Facebook founder Mark Zuckerberg has been named Time magazine's Person of the Year, blatantly disregarding the wishes of the magazine’s readership, who voted in their droves to put WikiLeaks founder Julian Assange in the top spot.
The award is doled out annually to the person regarded by the magazine as the “most important” figure of the preceding 12 months. Readers are asked to vote for their favourite among a long list of nominations, but the final decision is left to the editors.
When the poll closed yesterday, Assange - who is currently in police custody (opens in new tab) in the UK - topped the chart (opens in new tab) with a whopping 382,024 votes, nearly a third of all those counted.
Über-nerd Zuckerberg, by contrast, appeared to garner little support within the ranks of his 500 million ‘friends’ on Facebook, only just scraping into the top ten with a measly 18,353.
The 26-year-old CEO was beaten on the leader board by public figures including Steve Jobs and Barack Obama. Even Lady Gaga shimmied past him in her rubber pants to take number three spot.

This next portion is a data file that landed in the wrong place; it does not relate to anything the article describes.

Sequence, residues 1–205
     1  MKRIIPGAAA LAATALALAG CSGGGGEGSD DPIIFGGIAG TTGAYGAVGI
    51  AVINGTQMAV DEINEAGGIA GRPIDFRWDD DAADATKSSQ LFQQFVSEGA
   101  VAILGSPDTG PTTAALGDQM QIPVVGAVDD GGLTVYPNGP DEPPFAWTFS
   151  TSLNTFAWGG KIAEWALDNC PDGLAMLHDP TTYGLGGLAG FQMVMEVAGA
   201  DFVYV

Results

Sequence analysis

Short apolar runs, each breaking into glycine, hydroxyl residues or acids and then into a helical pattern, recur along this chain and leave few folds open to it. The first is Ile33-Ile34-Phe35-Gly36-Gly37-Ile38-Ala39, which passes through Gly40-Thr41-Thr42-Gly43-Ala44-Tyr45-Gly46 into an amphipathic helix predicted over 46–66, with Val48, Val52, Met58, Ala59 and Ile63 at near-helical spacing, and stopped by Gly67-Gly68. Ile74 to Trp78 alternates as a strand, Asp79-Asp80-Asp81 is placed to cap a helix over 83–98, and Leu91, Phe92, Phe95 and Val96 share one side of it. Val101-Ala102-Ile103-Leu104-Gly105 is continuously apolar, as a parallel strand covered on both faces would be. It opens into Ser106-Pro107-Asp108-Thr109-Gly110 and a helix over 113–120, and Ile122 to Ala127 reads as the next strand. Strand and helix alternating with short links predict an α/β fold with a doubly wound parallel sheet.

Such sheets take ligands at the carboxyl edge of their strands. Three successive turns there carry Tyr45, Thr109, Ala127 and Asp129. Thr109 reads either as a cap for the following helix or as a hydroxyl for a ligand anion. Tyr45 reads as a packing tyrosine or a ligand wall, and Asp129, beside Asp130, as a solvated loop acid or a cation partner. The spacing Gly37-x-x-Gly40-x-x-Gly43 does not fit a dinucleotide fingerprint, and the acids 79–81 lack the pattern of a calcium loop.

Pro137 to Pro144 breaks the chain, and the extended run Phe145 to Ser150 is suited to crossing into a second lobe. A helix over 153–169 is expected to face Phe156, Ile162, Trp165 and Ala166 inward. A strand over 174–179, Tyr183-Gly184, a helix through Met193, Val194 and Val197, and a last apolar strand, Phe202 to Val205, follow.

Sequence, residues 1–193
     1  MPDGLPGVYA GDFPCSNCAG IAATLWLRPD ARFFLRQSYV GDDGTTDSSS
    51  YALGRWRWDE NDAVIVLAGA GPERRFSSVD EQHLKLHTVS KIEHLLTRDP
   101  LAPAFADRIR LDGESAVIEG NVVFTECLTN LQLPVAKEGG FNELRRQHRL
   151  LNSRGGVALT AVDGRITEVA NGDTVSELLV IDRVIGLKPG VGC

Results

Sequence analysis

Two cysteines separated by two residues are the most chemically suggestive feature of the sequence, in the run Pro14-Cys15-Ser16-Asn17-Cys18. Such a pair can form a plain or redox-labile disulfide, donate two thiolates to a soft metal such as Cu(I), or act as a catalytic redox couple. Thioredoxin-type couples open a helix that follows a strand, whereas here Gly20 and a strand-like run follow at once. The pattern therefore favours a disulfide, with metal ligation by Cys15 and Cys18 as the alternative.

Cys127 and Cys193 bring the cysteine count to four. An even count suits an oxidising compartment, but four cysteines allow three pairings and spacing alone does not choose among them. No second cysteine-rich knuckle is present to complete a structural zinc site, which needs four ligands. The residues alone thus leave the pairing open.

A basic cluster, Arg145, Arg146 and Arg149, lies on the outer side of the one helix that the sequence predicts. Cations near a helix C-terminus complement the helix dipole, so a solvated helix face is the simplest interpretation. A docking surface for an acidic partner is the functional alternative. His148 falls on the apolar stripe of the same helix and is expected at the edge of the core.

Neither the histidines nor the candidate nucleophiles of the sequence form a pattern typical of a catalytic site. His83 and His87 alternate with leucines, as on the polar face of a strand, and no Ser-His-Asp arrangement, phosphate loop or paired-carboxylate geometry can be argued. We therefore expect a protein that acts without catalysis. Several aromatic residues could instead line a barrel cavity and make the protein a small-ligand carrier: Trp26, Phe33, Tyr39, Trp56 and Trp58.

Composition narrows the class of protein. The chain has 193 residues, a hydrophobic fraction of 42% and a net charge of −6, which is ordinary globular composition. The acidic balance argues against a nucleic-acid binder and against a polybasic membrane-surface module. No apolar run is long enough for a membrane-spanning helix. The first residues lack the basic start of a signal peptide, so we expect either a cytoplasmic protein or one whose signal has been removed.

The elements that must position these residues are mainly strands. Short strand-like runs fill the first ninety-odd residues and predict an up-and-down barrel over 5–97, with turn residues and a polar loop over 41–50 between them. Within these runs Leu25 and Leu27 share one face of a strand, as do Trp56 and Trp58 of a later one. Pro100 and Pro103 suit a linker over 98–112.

We can only assume the editors must have employed the so-called ‘Florida method’, first witnessed in the 2000 US presidential election, in their final decision.
The award was announced live on NBC TV’s Today show.
In a statement on the channel’s web site, Time editor Richard Stengel explained the magazine’s choice.
"More than half a billion people on the planet live in a world created by Mark Zuckerberg,” Stengel fawned.
“The good news is, their friends all live there too. Zuckerberg founded the social networking site Facebook in his college dorm six years ago, but 2010 was the year that Facebook reached critical mass, both in sheer quantity of users and in its presence (through its 'Connect' features) all over the Web."
"Zuckerberg spent much of the year fighting privacy concerns, and this fall he had to shake off a movie that depicted him as an alienated loner, hacking to get girls. But the world's youngest billionaire has no plans to slow Facebook's growth, nor does it show any sign of stopping."
Time magazine had a history of bestowing the accolade upon controversial figures. Adolf Hitler and Josef Stalin were consecutive winners in 1938 and 1939.
But since the contentious selection of radical Iranian cleric Ayatollah Khomeini in 1979, Time’s editors have taken a much more conservative approach.
Last year the award was won by the Chairman of the US Federal Reserve, Ben Bernanke. Presumably for services to bankers.